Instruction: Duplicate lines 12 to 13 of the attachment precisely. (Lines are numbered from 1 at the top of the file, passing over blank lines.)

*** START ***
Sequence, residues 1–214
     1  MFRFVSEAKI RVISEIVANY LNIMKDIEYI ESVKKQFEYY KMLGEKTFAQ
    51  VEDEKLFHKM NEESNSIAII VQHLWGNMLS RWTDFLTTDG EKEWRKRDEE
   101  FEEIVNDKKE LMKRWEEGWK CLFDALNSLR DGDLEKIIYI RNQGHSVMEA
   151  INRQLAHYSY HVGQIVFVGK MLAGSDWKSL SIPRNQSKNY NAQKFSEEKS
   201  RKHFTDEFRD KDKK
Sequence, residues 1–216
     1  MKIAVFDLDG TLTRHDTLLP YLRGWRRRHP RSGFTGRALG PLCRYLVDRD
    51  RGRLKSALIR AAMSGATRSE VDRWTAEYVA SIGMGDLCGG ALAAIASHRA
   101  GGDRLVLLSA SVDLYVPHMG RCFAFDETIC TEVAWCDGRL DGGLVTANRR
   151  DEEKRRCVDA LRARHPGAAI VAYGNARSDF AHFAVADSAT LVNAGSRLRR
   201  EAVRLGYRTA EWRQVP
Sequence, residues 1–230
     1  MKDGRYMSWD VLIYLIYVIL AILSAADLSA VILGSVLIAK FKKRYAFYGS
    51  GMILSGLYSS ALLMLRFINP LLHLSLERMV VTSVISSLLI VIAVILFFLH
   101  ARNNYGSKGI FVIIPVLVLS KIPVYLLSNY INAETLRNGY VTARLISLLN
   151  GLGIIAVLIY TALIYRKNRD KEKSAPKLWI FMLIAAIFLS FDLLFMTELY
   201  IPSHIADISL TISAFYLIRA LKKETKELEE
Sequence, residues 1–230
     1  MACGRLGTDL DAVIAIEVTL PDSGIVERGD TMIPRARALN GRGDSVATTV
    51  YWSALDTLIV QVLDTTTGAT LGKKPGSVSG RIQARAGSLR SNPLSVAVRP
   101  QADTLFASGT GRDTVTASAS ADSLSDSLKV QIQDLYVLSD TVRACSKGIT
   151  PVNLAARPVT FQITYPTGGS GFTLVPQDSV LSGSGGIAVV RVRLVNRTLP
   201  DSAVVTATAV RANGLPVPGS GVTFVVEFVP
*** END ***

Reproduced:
   201  EAVRLGYRTA EWRQVP
Sequence, residues 1–230